Fresh flowers top each table draped in soft white linen. The inside of the café is a blend of classical Viennese architecturearched ceilings supported by carved stone pillars run the length of the hallmixed with a drop of modernity, with three flat screen televisions posted along the trusses that also act as window frames.
A tall server in a short sleeve button-up, Thierry Voyeux, invites me to take a seat at my choice of red booths, coming to take my order after an appropriate interval of four to six minutes. This afternoon I am here to taste one of the Café Oper Wiens specialty drinks, the Mozart Kaffee.
The Café Oper Wien serves an intriguing alcoholic espresso. The drink is named after renowned composer Wolfgang Amadeus Mozart. Mozart was summoned to Vienna in 1781, at the height of what we now call the Classical Period, a time in which he produced operas such as "The Abduction from the Seraglio," which was wildly popular across Europe.
Having worked as a barista in a small-town café in America for a number of years, I am interested to watch how this European espresso drink is mixed.
To start, a serving of Mozart Liqueur is poured into a glass mug. Two shots of espresso are pulled over the alcohol. This mixture is not enough to give you a buzz, but unexpectedly the bite of the espresso is mellowed.
Perhaps it is due to the fact that the liqueur is distilled from the Mozart Krugal, which Voyeux describes as a small cocoa nut.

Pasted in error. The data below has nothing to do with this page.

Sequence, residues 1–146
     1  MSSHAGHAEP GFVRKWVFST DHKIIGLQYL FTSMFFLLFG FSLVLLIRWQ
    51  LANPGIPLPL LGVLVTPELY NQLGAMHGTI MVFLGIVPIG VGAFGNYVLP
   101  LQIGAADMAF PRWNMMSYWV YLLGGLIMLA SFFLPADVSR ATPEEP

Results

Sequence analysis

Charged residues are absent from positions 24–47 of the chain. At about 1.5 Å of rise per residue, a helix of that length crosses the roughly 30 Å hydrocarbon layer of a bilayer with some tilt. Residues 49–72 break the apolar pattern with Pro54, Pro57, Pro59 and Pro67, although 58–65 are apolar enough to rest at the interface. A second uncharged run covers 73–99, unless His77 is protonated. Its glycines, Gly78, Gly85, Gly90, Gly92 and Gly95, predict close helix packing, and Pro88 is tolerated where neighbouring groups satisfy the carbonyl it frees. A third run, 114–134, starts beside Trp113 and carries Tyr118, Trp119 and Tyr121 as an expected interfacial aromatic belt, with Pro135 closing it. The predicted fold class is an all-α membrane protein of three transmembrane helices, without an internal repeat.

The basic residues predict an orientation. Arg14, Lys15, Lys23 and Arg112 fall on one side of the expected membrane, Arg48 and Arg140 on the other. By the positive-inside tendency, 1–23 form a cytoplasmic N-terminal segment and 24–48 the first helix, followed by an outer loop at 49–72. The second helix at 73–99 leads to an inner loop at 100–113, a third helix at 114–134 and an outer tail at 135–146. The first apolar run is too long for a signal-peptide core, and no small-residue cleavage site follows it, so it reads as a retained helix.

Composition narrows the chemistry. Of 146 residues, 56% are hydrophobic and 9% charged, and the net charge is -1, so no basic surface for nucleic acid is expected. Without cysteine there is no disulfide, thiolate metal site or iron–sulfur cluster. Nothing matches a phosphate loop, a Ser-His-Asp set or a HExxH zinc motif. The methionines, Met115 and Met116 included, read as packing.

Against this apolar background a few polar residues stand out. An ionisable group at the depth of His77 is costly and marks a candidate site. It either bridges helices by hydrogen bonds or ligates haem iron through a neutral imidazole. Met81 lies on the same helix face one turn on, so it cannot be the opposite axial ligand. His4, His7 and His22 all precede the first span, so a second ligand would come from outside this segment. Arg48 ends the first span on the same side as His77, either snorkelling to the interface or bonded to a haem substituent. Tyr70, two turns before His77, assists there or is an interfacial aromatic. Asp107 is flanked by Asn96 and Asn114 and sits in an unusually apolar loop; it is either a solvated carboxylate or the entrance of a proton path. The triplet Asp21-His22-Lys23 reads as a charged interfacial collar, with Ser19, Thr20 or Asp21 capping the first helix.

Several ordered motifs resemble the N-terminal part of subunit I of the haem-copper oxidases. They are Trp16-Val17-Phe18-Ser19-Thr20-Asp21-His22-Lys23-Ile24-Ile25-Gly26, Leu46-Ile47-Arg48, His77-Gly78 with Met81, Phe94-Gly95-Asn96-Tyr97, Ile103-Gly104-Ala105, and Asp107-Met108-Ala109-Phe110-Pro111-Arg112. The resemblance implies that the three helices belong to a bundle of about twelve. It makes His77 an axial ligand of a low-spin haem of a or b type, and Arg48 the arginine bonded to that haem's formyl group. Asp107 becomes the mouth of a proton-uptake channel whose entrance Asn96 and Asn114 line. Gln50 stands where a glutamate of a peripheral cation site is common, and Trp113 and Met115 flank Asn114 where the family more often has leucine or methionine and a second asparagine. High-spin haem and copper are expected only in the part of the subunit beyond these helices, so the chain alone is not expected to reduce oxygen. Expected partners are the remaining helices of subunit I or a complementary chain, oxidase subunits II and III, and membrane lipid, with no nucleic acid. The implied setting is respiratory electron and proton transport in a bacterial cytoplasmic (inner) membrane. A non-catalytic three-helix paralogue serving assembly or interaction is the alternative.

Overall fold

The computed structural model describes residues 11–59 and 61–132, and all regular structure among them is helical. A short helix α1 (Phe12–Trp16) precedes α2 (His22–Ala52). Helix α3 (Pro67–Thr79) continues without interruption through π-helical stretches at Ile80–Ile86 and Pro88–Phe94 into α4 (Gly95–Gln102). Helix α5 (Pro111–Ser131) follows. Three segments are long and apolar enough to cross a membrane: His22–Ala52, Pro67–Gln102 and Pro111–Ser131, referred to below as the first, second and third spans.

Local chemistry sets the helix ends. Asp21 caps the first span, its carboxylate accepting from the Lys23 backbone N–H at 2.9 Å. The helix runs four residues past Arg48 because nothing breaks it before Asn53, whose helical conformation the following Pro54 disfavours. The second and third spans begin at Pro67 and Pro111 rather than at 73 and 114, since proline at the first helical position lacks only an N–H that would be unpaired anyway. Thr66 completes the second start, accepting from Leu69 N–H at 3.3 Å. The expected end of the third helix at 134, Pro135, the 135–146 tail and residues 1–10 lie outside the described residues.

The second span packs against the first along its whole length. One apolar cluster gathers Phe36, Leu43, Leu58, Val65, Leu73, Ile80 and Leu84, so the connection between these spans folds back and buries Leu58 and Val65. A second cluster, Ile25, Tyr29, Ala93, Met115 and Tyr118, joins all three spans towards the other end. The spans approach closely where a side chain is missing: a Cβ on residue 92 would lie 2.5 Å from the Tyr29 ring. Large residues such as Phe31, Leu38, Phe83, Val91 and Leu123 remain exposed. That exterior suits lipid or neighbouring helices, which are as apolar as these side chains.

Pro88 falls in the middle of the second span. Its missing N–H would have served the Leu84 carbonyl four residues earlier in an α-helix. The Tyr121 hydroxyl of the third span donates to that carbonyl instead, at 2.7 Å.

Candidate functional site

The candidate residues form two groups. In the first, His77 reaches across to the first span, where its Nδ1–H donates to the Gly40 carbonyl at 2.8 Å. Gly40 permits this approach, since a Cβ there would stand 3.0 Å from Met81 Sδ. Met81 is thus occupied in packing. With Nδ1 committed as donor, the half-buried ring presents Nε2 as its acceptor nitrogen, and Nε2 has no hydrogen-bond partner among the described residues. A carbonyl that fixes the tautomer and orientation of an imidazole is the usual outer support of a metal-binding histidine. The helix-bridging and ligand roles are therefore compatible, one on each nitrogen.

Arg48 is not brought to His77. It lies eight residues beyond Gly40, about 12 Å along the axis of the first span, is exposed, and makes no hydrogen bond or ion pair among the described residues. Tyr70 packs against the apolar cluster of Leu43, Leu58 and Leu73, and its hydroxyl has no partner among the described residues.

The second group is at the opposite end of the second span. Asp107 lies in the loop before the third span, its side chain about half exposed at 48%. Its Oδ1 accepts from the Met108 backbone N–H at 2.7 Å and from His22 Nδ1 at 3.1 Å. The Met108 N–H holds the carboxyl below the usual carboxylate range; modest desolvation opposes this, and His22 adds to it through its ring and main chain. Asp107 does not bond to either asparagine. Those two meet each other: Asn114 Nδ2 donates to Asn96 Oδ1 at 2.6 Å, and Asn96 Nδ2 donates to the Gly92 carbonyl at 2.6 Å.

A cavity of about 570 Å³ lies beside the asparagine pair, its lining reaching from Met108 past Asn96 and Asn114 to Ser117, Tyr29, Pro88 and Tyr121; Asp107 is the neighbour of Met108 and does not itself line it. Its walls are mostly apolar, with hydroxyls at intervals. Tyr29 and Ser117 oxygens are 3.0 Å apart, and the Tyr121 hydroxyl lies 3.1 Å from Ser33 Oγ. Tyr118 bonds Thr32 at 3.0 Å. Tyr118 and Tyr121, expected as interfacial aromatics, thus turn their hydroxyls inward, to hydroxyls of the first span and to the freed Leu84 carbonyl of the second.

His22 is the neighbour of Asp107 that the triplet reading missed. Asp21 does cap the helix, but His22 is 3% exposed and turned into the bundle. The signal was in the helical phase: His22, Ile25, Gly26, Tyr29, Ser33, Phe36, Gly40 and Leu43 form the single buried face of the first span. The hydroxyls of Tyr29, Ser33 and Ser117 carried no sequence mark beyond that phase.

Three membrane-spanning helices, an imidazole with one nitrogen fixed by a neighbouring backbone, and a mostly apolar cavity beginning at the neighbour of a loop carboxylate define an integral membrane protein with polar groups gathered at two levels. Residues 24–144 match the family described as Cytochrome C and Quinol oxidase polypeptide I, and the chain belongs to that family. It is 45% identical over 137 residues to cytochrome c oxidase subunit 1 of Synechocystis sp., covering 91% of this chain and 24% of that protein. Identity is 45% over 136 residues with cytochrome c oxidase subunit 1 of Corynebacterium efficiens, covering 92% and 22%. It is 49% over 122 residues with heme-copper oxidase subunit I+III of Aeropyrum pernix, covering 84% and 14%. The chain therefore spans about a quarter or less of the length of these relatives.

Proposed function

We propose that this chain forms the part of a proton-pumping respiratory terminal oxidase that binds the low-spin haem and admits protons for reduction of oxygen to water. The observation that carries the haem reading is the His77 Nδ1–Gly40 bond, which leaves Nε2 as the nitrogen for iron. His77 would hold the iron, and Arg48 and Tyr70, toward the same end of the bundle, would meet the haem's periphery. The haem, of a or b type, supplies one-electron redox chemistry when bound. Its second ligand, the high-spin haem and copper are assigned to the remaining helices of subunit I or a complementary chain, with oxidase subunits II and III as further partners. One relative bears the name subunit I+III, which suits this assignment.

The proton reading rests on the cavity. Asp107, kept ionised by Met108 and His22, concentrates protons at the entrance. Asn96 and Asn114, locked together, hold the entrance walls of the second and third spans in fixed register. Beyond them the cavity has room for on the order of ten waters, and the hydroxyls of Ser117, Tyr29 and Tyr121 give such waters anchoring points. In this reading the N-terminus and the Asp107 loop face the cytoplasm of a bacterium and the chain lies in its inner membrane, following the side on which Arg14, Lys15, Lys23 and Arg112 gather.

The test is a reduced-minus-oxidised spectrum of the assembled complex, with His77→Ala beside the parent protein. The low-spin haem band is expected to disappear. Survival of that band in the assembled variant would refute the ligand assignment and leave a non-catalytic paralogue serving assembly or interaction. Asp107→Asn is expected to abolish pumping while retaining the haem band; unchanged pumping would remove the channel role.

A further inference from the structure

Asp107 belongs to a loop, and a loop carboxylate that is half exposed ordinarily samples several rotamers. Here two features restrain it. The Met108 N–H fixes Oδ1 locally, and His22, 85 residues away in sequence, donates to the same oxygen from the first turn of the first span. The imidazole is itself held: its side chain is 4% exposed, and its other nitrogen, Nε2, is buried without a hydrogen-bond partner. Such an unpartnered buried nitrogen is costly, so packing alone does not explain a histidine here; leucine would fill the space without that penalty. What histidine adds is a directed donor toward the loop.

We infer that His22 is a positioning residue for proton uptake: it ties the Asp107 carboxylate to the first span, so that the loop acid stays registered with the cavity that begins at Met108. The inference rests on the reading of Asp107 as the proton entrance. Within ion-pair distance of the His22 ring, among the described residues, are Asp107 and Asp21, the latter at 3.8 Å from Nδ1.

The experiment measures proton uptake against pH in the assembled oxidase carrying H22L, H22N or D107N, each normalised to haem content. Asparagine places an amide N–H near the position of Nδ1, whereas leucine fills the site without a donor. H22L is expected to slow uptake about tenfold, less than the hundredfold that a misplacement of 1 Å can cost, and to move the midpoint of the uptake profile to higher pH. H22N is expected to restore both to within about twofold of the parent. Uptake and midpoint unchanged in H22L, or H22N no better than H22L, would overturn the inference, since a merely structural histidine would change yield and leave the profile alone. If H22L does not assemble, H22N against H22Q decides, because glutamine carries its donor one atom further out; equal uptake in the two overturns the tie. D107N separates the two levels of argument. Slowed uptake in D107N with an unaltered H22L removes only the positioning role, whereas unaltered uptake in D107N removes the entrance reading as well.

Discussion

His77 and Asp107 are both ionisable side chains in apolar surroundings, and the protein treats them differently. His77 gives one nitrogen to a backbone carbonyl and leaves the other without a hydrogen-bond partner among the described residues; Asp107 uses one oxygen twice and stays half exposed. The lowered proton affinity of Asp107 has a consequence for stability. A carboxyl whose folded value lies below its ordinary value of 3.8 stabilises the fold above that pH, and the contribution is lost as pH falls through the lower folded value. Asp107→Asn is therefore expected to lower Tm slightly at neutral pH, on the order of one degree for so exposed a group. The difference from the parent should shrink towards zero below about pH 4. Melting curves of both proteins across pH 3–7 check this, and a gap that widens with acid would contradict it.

And the espresso? From none other than the coffee company Julius Meinl, a roaster named after the Meinl family. In 1862 Julius Meinl I opened a coffee and tea shop in the central part of Vienna. Trumping his father in 1877, Julius Meinl II went on to revolutionize the coffee roasting process, eliminating contact between beans and fuel gases, allowing the full flavor of the bean to remain intact. The brew that resulted was without aftertaste. The espresso Im drinking today is from their Messo Picco line.
These aforementioned elements combine to make a delicious drink.
Peeking through the windows with drawn white curtains, I see Herbert von Karajan Platz. Karajan was the principle conductor of the Berlin Philharmonic from 1956-1989, who, as a peculiarity, always conducted concerts with his eyes closed, according to the Philharmonics biography on its late leader.
Viennese men and women in business casual attire walk the open space as pigeons flap from the top of the marble fountain outside. Along with tables inside, the café has seating on Karajan Platz.
Dont come into the café in a grey cotton t-shirt and jeans, unless you are ready to be met by slightly unwelcoming looks from the staff; for all of Voyeuxs hospitality, I receive a cold look from the barista behind the counter for my less-than-formal attire.
Then again, youll probably be properly dressed. The Vienna State Opera (the Wiener Staatsoper), known the world over, is the next door down.
The Café Oper Wien is located on Herbert von Karajan Platz, Opernring 2, A1010 Wien. The café is open on Monday through Saturday from eight in the morning to midnight. On Sunday and Holidays, the café is open from nine thirty in the morning to midnight. You can reach the Café Oper Wien at 0043 1 513 39 57, or visit them online at www.cafeoperwien.at.